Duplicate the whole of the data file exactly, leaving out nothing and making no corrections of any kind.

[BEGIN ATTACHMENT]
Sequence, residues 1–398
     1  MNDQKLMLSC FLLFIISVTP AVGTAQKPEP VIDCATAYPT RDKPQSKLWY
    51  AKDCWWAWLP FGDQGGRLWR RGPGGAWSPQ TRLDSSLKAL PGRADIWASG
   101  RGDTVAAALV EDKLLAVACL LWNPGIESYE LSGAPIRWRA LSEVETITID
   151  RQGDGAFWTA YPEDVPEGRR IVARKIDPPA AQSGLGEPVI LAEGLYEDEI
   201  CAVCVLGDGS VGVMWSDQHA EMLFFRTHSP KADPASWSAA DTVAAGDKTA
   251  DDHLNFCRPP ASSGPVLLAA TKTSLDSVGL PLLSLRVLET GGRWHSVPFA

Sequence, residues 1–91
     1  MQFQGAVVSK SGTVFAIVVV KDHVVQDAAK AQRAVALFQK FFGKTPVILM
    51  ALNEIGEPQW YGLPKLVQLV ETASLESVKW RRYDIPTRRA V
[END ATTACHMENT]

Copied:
Sequence, residues 1–398
     1  MNDQKLMLSC FLLFIISVTP AVGTAQKPEP VIDCATAYPT RDKPQSKLWY
    51  AKDCWWAWLP FGDQGGRLWR RGPGGAWSPQ TRLDSSLKAL PGRADIWASG
   101  RGDTVAAALV EDKLLAVACL LWNPGIESYE LSGAPIRWRA LSEVETITID
   151  RQGDGAFWTA YPEDVPEGRR IVARKIDPPA AQSGLGEPVI LAEGLYEDEI
   201  CAVCVLGDGS VGVMWSDQHA EMLFFRTHSP KADPASWSAA DTVAAGDKTA
   251  DDHLNFCRPP ASSGPVLLAA TKTSLDSVGL PLLSLRVLET GGRWHSVPFA

Sequence, residues 1–91
     1  MQFQGAVVSK SGTVFAIVVV KDHVVQDAAK AQRAVALFQK FFGKTPVILM
    51  ALNEIGEPQW YGLPKLVQLV ETASLESVKW RRYDIPTRRA V